2015 PBS LearningMedia Digital Innovator

2015 PBS LearningMedia Digital Innovator

Monday, January 28, 2013

Starting Fires

Remember Billy  Joel’s song “We Didn’t Start the Fire?” My seventh grade Social Studies teacher Mrs. Hadgis used it to teach the Cold War. I don’t think I exposed too much of my nerdy self at such a precarious age to my peers, but I distinctly remember cramming the lyrics down my mom's throat. Without so much as an eye roll  she would countlessly repeat the memories of her childhood as they applied. And after catching a glimpse of the video, I understood why she wanted to replace the avocado refrigerator! Accidentally and unconventionally I learned the social revolution of the 1950s, 60s and 70s. By design, Mrs. Hadgis created an intentional process for meaning making.  She did the culturally relevant: she met us on our pop music-loving playing field and designed an environment in which we could learn deeply without minding too badly. Csikszentmihalyi refers to this in Flow (1990), “As long as we respond predictably to what feels good and what feels bad, it is easy for others to exploit our preferences for their own ends.” This was my Blended Learning vision: exploit my student’s desire to use computers. My vision has evolved. Luckily for my students, I attempt to model my approach with the good heartedness of Mrs. Hadgis.

Every teacher does this: we all try to connect with students. I harshly argue that teachers who don’t are ineffective. Yet, reflecting on my first semester Blended Local and American History course, I don’t believe I have done it.  At first glance, I thought I accomplished the connection to student lives easily: students were engaging online. Students love to be online. Simple. Done. Box checked. However, the blended student does not seem to want online as much as they want a unique experience. And this is what I am beginning to understand: Mrs. Hadgis didn't choose a song because we liked music; she chose a particular song because it fit her purpose. The same is true for the design of my course. Learning online will never replace being online for students. However, I must thoughtfully design the experience so that students choose my class over YouTube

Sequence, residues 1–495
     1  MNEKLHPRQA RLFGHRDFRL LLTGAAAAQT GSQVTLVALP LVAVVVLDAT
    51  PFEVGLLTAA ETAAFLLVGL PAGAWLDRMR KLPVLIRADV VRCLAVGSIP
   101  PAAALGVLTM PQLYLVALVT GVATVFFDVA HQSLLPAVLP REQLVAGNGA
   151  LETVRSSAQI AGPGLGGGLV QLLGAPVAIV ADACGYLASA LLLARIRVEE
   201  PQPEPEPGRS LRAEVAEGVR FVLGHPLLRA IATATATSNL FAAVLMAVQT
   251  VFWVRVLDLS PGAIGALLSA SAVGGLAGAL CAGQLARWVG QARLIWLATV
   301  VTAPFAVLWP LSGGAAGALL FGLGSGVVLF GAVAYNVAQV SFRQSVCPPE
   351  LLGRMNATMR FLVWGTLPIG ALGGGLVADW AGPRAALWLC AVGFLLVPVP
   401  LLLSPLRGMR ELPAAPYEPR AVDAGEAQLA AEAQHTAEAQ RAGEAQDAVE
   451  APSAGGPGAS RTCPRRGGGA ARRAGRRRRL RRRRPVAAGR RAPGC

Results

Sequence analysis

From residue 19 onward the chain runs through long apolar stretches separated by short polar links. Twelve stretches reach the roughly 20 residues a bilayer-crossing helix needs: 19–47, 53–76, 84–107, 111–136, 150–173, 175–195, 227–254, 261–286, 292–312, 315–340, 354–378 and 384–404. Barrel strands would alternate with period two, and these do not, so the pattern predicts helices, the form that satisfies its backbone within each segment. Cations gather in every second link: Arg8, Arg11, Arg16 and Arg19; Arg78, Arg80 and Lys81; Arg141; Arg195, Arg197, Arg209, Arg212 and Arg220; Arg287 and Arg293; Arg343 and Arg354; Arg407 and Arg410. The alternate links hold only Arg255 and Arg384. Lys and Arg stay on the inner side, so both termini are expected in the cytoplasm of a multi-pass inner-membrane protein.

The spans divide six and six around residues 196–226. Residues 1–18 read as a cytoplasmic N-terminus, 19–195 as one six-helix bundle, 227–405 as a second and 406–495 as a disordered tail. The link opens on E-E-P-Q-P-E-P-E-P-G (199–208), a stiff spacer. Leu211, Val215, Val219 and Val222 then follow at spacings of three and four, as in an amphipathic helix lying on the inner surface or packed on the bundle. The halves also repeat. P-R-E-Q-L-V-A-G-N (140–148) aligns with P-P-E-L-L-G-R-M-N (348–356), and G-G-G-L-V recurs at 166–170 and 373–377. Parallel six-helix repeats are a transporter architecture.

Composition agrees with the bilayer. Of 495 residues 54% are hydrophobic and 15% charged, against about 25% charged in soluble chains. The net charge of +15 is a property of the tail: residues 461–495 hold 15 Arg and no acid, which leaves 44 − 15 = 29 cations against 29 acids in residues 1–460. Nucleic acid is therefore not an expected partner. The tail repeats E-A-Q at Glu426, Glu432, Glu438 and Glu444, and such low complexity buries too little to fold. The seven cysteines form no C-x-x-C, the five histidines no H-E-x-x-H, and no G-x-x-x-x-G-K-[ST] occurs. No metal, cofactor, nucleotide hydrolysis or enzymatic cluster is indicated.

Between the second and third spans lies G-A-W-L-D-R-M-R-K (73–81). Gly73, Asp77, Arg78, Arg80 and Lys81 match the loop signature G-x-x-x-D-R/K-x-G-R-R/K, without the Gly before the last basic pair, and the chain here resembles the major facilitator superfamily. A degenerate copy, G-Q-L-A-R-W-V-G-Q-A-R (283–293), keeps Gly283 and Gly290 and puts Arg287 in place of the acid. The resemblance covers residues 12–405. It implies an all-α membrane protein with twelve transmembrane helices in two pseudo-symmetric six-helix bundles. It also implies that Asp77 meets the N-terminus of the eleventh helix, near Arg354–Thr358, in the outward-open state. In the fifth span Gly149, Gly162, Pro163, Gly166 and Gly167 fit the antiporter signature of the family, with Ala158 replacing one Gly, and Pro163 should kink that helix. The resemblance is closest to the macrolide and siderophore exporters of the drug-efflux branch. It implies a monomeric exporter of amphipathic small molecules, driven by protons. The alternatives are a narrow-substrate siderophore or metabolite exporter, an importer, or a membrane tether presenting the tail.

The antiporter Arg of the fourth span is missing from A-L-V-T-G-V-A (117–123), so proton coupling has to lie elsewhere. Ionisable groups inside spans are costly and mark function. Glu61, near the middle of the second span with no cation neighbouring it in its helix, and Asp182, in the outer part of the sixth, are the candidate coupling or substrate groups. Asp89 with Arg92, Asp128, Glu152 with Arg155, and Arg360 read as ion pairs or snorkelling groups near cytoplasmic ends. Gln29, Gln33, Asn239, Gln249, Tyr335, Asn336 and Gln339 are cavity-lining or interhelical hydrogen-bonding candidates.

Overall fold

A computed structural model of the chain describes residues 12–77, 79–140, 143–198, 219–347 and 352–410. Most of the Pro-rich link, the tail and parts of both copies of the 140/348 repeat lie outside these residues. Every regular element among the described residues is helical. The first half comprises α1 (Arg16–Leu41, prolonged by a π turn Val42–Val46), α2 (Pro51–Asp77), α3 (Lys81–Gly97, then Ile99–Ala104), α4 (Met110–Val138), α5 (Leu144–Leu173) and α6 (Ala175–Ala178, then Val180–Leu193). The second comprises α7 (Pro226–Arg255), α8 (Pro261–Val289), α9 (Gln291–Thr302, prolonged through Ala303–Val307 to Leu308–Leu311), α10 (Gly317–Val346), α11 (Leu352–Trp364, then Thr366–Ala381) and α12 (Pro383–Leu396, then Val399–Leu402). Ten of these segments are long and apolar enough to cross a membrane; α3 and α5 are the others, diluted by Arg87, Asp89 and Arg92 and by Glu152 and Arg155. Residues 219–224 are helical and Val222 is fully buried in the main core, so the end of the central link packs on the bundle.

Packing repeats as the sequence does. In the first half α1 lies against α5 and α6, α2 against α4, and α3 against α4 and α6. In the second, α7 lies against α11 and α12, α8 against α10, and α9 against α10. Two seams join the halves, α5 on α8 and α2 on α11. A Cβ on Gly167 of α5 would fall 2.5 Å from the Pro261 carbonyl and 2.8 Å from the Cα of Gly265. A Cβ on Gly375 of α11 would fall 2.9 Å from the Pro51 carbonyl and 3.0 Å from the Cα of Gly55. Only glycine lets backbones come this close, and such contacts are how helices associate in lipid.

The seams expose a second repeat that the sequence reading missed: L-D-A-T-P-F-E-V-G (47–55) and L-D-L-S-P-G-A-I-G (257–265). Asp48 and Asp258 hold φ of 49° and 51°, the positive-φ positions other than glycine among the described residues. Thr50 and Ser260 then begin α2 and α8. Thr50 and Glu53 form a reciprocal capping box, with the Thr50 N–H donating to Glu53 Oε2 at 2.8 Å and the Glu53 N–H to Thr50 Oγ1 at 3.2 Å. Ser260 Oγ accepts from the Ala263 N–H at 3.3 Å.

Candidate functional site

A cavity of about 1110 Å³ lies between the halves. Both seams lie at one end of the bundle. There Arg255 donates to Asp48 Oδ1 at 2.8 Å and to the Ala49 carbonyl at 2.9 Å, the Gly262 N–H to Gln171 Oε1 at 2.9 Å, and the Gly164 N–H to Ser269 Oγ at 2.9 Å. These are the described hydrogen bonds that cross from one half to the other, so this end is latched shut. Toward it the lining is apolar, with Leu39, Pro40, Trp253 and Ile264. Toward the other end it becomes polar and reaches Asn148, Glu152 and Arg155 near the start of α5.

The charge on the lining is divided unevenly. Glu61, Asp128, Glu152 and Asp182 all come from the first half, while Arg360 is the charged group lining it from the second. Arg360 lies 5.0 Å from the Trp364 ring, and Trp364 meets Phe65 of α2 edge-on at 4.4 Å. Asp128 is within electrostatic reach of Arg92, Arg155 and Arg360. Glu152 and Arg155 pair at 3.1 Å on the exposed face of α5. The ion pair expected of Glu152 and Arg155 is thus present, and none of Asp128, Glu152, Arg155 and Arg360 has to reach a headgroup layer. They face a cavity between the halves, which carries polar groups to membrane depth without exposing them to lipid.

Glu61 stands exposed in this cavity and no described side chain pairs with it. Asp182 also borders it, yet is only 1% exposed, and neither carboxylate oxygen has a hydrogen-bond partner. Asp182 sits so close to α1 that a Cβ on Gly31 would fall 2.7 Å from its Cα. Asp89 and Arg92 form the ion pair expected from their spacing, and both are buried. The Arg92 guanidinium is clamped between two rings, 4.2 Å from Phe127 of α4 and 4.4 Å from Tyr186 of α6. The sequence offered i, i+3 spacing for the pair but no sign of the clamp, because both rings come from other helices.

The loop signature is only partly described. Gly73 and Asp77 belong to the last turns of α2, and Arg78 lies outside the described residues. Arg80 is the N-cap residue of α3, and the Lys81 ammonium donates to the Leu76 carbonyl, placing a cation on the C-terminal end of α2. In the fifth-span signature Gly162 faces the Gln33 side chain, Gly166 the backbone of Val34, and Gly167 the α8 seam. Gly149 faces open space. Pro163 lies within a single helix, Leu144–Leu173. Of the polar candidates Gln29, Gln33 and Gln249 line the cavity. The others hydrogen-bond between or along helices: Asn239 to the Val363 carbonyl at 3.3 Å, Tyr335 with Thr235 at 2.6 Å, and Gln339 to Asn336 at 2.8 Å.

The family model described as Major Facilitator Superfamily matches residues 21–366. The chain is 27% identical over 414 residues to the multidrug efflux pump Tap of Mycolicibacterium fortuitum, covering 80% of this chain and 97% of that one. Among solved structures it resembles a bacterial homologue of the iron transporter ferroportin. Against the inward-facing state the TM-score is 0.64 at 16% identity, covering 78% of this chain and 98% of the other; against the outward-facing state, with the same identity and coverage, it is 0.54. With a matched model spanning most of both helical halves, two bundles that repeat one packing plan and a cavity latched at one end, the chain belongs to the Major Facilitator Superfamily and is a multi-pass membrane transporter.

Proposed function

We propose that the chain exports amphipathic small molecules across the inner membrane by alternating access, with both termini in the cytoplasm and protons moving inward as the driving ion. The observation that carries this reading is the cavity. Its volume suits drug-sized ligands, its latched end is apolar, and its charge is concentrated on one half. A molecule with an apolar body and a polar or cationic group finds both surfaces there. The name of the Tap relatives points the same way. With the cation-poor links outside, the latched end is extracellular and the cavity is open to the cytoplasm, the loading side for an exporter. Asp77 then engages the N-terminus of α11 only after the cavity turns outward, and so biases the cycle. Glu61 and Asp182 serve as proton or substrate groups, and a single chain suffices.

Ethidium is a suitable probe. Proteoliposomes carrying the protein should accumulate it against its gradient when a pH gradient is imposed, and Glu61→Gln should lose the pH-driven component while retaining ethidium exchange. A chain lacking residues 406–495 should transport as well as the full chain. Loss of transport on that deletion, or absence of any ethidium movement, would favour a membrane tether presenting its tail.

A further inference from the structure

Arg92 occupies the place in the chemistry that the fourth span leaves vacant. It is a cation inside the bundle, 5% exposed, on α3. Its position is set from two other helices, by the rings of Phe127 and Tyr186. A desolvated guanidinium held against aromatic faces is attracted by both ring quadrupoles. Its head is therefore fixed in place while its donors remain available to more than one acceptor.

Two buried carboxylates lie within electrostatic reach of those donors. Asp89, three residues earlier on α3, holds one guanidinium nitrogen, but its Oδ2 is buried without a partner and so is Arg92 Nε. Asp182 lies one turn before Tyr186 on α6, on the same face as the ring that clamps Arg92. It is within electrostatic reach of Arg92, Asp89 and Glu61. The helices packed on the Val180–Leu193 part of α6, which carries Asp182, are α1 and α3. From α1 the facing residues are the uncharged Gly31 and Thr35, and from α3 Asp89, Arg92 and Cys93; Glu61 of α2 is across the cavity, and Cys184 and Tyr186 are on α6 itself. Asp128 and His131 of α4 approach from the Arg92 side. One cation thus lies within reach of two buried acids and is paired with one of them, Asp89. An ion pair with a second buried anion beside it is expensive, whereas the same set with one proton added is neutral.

So, how am I going to do this? My most direct answer is: better in the second semester than in the first. My intentions moving into second semester are twofold: create an engaged learning environment and create a unique space to explore historical content. Not terribly different than last August, but I move forward with clearer intent. In August, I was motivated by hope: I have learned that hope doesn’t cut it. I must move with intent in my design if this is going to be successful.

First, I must reorganize my own online space. I need to make the visual design of my course more appealing. My blackboard course remains messy and cluttered. I must approach this with more consideration for student interaction. This will be tricky for me in an online space since I fail re-positioning my own household furniture. When building in the Medina Historical app, I tell my students they have seven seconds to convince a mobile app user they should continue reading and investigating the site. I need to hold myself to the same standard.